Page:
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The example for Chimney Meadows suggests, improved floodplain management can be achieved through optimisation of the ecosystem services delivered by implementation of specific restoration measures. This is, however, a complex undertaking, and achieving positive results requires a combination of political prioritisation, planning of relevant measures, corporation among multiple governing institutions, as well as an active stakeholder process, often spanning across years. Although such processes are often challenging and difficult, there are many examples of very positive outcomes.


As shown in the example of Chimney Meadows, the delivery of provisioning services tend to take place at the expense of regulating & maintaining and cultural services, and in this example, reducing the intensity of provisioning services, gave rise to increased value of other services. Realising this potential often requires restoration and changed land use practices.


Recently, it has, however, become increasingly apparent that there are considerable benefits to be realised from this more holistic approach. Through restoration, it may be possible to initiate a development trajectory over time where the overall value of ecosystem services is increased (Figure 4.1).  Historically, rivers have undergone an impact phase, with high priority given to provisioning services. In a river restoration phase, the increased value of regulating and cultural services is prioritised, although possibly at the expense of provisioning services. However, the result of the restoration could be a higher overall value of the services delivered. The overall aim of holistic planning should be to establish the needs of this development trajectory.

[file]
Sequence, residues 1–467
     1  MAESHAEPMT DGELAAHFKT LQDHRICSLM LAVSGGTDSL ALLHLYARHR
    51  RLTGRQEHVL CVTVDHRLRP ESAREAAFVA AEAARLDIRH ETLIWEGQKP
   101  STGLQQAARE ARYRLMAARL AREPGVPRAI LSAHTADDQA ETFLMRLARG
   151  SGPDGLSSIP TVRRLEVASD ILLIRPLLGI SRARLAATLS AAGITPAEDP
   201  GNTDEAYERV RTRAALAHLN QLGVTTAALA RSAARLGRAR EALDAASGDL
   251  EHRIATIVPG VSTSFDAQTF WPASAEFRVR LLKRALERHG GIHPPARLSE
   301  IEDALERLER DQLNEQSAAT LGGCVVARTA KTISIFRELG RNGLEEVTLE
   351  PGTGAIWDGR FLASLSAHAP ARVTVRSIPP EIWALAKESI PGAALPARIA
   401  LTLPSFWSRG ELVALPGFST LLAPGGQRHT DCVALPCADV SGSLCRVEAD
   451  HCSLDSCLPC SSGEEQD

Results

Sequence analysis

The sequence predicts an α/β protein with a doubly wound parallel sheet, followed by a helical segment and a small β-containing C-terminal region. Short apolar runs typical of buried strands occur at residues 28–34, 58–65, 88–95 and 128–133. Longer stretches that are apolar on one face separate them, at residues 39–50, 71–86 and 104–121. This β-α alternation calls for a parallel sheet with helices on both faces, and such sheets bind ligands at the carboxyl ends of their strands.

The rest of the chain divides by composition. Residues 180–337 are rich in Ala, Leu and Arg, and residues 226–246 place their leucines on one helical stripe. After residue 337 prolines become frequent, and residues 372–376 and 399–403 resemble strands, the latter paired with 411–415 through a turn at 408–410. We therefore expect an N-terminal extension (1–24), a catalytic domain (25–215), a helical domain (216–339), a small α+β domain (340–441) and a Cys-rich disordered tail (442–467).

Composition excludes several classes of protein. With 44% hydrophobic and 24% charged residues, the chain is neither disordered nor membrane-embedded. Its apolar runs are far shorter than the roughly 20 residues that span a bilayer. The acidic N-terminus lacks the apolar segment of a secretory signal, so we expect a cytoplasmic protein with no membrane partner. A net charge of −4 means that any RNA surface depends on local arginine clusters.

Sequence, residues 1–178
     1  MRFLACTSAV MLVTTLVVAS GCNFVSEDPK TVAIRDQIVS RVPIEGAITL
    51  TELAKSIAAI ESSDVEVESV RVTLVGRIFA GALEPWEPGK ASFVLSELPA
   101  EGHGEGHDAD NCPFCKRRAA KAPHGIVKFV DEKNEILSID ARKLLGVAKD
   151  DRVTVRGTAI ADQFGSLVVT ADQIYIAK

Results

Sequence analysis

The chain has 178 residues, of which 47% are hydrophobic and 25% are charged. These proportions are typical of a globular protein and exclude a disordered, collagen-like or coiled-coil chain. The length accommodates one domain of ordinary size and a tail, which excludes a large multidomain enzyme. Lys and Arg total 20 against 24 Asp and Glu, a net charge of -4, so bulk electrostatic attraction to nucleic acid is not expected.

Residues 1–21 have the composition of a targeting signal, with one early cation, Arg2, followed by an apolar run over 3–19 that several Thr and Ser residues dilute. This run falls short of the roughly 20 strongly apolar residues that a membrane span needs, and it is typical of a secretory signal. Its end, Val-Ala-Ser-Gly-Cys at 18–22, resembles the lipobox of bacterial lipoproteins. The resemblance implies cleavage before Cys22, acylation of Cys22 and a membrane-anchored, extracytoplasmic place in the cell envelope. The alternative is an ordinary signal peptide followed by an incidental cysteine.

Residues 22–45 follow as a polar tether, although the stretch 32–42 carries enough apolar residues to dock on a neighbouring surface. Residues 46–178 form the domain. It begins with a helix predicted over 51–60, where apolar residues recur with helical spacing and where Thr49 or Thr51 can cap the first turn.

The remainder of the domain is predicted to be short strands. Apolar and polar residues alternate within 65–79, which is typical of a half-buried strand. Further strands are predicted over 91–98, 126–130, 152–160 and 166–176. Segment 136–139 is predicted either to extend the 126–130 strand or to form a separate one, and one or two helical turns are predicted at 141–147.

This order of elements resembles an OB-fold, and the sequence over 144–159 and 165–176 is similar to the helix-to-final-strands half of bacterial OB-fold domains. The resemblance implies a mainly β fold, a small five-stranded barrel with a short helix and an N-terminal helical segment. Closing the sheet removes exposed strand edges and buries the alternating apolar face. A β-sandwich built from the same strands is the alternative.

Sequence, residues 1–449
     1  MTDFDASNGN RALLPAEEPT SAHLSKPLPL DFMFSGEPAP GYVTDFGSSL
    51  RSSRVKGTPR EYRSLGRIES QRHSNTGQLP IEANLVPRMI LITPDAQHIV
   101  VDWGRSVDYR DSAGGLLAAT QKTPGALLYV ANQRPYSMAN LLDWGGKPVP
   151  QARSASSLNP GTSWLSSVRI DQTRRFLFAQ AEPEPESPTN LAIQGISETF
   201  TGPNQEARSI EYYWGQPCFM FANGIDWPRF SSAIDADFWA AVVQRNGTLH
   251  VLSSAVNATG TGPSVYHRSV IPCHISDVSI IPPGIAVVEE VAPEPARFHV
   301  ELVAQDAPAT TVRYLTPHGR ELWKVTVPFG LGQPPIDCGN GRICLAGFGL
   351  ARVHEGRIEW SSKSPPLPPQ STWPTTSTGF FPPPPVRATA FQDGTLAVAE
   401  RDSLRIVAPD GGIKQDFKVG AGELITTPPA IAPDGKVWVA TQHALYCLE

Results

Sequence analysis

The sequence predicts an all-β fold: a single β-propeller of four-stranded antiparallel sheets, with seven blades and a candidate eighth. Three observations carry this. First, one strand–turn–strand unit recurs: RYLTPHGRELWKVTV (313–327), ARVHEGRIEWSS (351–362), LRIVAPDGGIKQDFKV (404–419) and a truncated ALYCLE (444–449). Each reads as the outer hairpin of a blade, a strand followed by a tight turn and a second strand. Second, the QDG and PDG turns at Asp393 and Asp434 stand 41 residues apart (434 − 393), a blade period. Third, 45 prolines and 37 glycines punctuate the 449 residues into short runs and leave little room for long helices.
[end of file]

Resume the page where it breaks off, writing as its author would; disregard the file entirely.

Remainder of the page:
Previous comments

  • birkseba (Sebastian Birk) 29 Jul 2019 10:50:09

    "reducing the intensity of provisioning services, gave rise to increased value of other services": delete comma

  • johnsdav (Dave Johnston) 15 Aug 2019 12:07:07

    This conclusion - that floodplain restoration greatly increases ecosystem services compared to those of a disconnected system - eg confined solely to provisioning is one of the most important in this report. Yet it is not adequately reflected in the key messages at the start. 

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